Nashville in Davidson County, Tennessee — The American South (East South Central)
Dutchman’s Curve Train Wreck
Erected 2008 by The Historical Commission of Metropolitan Nashville and Davidson County. (Marker Number 128.)
Topics and series. This historical marker is listed in these topic lists: African Americans • Disasters • Railroads & Streetcars • War, World I. In addition, it is included in the Tennessee, The Historical Commission of Metropolitan Nashville and Davidson County series list. A significant historical date for this entry is July 9, 1918.
Location. 36° 7.633′ N, 86° 51.022′ W. Marker is in Nashville, Tennessee, in Davidson County. Marker is on White Bridge Pike 0.1 miles east of Post Road, on the right when traveling north. Touch for map. Marker is in this post office area: Nashville TN 37205, United States of America. Touch for directions.
Other nearby markers. At least 8 other markers are within 2 miles of this Battle of Nashville (approx. 0.3 miles away); Johnson's Station (approx. 0.6 miles away); Montgomery Bell Academy (approx. 0.7 miles away); Kenner Manor Historic District (approx. 0.8 miles away); McConnell Field (approx. 0.9 miles away); Hillwood Estates (approx. 1.1 miles away); a different marker also named McConnell Field (approx. 1.1 miles away); Sylvan Park School (approx. 1.2 miles away). Touch for a list and map of all markers in Nashville.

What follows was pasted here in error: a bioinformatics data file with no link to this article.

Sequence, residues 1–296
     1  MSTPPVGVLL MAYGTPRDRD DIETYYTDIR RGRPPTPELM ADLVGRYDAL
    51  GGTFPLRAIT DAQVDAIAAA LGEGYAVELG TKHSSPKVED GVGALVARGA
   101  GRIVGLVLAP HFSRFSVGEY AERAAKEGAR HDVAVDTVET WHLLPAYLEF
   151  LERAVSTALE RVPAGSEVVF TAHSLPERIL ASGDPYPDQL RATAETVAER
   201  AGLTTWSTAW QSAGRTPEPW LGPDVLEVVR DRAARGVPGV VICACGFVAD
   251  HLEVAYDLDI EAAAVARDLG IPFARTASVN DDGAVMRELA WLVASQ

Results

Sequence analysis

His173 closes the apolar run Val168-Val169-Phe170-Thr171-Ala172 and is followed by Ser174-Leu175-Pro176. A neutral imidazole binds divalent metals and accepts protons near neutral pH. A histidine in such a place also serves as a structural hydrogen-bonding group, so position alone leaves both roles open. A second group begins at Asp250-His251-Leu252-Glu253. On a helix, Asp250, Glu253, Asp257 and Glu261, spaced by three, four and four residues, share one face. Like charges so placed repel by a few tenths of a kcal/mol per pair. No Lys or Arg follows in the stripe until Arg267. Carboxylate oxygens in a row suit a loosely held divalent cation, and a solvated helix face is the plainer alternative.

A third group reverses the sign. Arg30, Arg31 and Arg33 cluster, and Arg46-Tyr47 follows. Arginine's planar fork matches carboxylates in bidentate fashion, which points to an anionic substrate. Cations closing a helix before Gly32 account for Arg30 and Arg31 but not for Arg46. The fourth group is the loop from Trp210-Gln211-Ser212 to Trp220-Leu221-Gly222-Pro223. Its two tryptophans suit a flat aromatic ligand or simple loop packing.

Also see . . .
1. Wikipedia entry for Great Train Wreck of 1918. “In its official report, the Interstate Commerce Commission was harsh on the railroad. A combination of operating practices, human error and lax enforcement of operating rules led to this worst passenger train wreck in U.S. history. Had the signal tower operator properly left his signal at danger, the conductor monitored his train's progress rather than entrusting it to a subordinate, and had the crew inspected the train register at Shops Junction as required, the accident would not have happened.” (Submitted on July 1, 2017.)
2. The Day the Whistles Cried: The Great Cornfield Meet at Dutchman's Curve. 2014 book by Betsy Thorpe on Amazon.com “The Day The Whistles Cried is a true disaster tale, filled with real people and their lives. Reading about (Submitted on July 2, 2017.)
Credits. This page was last revised on July 2, 2017. It was originally submitted on February 13, 2012, by Kevin Hoch of Waco, Texas. This page has been viewed 2,125 times since then and 32 times this year. It was the Marker of the Week July 9, 2017. Photos: 1, 2. submitted on February 13, 2012, by Kevin Hoch of Waco, Texas. 3. submitted on July 1, 2017, by J. J. Prats of Powell, Ohio. • Bill Pfingsten was the editor who published this page.